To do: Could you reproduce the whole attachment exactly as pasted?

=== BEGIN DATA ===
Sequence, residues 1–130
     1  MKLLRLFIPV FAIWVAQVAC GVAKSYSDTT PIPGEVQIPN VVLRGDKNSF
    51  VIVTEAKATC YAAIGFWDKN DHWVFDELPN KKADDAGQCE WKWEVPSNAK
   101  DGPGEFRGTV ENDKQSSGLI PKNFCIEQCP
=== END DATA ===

Sequence, residues 1–130
     1  MKLLRLFIPV FAIWVAQVAC GVAKSYSDTT PIPGEVQIPN VVLRGDKNSF
    51  VIVTEAKATC YAAIGFWDKN DHWVFDELPN KKADDAGQCE WKWEVPSNAK
   101  DGPGEFRGTV ENDKQSSGLI PKNFCIEQCP